Data center site selection continues to be a significant challenge for every enterprise corporation as the industry continues to grow and costs increase. IT departments must consider not only new technologies, but also whether they should outsource to third-party data center colocation providers. 


The paradigm shift toward outsourcing most or all IT infrastructure to a third-cloud-whiteboard-sm.jpg party data center operator — whether the need is for powered shell, wholesale colocation, a series of racks in a caged environment, data hosting or other mission critical solutions — has been underway for several years now and made it more challenging for companies trying to optimize their data center site selection decisions.

 

Data center industry growth projections are significant 

Data center industry experts are projecting significant future growth as evidenced by the rate of new data center operations being announced globally. The following statistics highlight some the current and projected growth trends: 

  • The hyperscale data center market is expected to achieve a more than 20% compounded annual growth rate from 2016 to 2022, and reach revenues of $71 billion by 2022, according to Allied Market Research, a consulting and research firm that tracks the data center industry.
  • The colocation data center market is expected to reach $36 billion worldwide by early 2018. Through year-to-date 2016, the colocation market has reached $23 billion in annualized revenue, according to 451 Research.
  • The global data center footprint will increase by over 40 million square feet of raised-floor environment by early 2018, from 109 million to more than 150 million square feet.
  • Roughly 25% of large North American and European corporations use public cloud platforms, including Amazon Web Services, Microsoft Azure, Google and IBM Softlayer. Other smaller players also provide public cloud solutions. Oracle announced in September that it was jumping headlong into cloud computing.
  • The total current public cloud market is approximately $20 billion annually. By 2020 it is projected to exceed $64 billion, according to Forrester Research. 

Data center construction costs are substantial 

The capital required for a data center is immense. From the shell construction, infrastructure, redundancy and equipment, a data center budget can quickly skyrocket. In the data center industry, construction costs are measured “per megawatt of power” needed to support the power draw for IT equipment and cooling of the data center. 

 

“While several external and design factors may impact these numbers, data center colocation developers will generally spend from $7 million to over $9 million per megawatt of critical load power”, says Michael Rareshide, Executive Vice President of Site Selection Group, a leading data center consultant who represents such colocation and data center users in their mission critical site selection including existing sites across North America.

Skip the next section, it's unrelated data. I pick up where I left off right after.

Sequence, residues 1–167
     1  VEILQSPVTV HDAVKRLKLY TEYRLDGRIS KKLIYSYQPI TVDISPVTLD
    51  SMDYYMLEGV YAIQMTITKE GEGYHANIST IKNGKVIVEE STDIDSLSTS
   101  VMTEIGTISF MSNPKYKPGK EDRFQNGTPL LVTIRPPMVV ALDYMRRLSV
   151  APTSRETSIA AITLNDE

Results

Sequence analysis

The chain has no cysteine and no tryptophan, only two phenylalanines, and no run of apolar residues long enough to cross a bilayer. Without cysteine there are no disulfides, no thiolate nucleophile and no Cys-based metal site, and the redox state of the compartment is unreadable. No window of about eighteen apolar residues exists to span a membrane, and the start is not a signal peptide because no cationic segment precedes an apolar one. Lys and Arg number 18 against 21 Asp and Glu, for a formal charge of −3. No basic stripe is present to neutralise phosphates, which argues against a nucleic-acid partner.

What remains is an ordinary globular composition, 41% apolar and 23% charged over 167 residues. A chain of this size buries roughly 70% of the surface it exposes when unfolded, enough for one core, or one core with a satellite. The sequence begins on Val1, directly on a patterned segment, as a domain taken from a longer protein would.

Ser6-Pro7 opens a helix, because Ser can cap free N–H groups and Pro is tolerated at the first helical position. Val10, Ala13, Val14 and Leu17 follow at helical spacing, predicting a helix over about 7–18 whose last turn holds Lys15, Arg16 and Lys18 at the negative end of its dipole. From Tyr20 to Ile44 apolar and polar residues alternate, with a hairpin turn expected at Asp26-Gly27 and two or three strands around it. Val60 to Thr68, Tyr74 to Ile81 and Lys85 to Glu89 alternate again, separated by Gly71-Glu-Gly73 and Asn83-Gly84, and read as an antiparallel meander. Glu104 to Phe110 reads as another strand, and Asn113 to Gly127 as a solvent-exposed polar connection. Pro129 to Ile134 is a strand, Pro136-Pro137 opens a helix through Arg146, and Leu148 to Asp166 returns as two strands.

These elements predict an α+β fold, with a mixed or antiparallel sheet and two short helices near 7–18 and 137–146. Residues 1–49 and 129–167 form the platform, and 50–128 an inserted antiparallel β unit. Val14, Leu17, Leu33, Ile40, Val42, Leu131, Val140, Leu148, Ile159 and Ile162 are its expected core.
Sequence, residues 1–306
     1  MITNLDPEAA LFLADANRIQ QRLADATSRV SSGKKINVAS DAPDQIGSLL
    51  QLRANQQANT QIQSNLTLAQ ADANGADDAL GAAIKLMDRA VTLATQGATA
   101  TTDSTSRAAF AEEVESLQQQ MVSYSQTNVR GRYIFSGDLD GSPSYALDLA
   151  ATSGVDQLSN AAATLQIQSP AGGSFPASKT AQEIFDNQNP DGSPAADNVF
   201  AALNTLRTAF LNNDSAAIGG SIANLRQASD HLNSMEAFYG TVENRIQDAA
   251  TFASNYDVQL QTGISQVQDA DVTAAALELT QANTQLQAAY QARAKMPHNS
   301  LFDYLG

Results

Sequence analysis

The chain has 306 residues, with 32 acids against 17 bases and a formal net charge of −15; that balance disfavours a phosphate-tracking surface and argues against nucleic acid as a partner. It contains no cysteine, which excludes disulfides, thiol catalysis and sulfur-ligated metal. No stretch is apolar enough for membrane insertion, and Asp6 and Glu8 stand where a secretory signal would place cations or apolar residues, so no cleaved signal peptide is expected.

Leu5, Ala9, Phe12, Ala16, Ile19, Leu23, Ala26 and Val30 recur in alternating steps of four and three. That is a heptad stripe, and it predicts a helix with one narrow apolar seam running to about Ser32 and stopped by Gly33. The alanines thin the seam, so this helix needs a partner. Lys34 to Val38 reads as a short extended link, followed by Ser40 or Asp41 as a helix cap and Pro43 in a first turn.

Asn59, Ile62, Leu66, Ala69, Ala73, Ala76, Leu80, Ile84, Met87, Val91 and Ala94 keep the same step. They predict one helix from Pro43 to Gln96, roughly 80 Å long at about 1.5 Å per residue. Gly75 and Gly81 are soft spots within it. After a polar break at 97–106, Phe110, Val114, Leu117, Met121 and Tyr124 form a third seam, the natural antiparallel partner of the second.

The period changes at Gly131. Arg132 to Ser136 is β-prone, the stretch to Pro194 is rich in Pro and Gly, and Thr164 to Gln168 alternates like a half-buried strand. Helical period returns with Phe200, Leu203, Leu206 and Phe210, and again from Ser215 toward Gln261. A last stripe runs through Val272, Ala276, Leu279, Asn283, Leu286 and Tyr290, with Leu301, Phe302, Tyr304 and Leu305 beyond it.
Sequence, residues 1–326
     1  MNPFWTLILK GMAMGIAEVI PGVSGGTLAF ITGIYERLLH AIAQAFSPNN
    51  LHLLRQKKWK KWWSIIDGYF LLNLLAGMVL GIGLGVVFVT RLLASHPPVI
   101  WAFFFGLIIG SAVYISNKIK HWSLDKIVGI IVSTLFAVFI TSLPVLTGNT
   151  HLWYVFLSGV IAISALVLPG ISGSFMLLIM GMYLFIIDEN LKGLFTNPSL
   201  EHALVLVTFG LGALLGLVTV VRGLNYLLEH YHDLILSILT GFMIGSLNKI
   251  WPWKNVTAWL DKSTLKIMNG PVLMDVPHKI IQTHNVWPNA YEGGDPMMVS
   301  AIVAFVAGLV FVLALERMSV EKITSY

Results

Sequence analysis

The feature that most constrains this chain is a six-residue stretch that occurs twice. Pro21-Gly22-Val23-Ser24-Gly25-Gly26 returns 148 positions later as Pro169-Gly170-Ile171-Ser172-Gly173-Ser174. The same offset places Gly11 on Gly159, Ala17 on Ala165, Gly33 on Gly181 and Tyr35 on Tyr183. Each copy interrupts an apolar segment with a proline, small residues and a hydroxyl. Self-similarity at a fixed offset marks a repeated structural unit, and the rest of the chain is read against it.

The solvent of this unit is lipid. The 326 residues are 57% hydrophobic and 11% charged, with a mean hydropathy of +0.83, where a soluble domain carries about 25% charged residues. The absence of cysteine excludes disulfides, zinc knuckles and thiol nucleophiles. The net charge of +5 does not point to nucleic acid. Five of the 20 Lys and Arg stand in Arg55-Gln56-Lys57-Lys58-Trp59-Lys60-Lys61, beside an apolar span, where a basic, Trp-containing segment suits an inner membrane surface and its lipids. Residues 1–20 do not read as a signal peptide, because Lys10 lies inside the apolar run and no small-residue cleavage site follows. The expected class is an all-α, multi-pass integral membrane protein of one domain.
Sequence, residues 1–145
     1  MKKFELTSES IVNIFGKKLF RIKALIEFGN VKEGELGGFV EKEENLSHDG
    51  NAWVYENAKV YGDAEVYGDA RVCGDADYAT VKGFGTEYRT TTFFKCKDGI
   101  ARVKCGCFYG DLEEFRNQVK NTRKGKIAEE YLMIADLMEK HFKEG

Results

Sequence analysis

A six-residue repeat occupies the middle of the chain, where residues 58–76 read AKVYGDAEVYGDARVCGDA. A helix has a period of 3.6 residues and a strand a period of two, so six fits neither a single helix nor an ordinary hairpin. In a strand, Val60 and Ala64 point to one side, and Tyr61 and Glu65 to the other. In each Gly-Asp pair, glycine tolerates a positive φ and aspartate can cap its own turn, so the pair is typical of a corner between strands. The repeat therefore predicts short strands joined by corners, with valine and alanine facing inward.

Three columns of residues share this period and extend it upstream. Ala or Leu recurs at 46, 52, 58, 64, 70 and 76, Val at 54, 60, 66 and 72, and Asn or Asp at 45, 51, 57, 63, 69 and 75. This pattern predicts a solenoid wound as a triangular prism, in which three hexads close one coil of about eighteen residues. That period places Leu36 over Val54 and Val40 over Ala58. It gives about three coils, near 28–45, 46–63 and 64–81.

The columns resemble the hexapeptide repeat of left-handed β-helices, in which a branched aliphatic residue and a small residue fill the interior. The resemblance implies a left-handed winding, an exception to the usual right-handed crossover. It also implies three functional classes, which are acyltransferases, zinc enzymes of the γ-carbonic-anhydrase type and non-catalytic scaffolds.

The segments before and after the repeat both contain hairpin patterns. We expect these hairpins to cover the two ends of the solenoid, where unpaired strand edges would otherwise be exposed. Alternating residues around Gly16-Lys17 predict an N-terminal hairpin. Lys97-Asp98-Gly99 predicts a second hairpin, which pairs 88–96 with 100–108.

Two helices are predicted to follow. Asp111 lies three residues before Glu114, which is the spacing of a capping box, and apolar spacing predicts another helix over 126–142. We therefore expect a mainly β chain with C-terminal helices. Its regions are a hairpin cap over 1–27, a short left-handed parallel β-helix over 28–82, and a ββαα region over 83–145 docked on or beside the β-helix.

“As an example, if the data center developer designs an 8 megawatt critical load, 50,000-square-foot, raised-floor data center, the budget could exceed $70 million and that does not include the customer’s servers and racking.”

Shift to third-party-operated sites occuring faster than projected 

According to the Uptime Institute, the organization responsible for administering Tier I-IV data center certifications, almost 50% of senior enterprise IT executives expect to outsource the majority of their IT operations, whether to the public cloud or hosted with an outsourced colocation provider. More dramatically, almost 25% of this group is expected to have their IT outsourced by the end of 2017.

 

Some other observations from the Uptime Institute’s Data Center Industry Survey include the following: 

  • 50% of respondents said they were satisfied or very satisfied with their primary colocation provider
  • 40% noted that they paid more than what they initially expected.
  • Just 7% were dissatisfied. 

Conclusions 

The data center industry is clearly positioned for significant growth and the amount of investment required to launch an enterprise data center and co-location data center is expensive.  As a result, a company’s ability to make strategic site selection decisions for their data centers has become more challenging, and they may want to consider leveraging industry experts to help evaluate all of their options.

 

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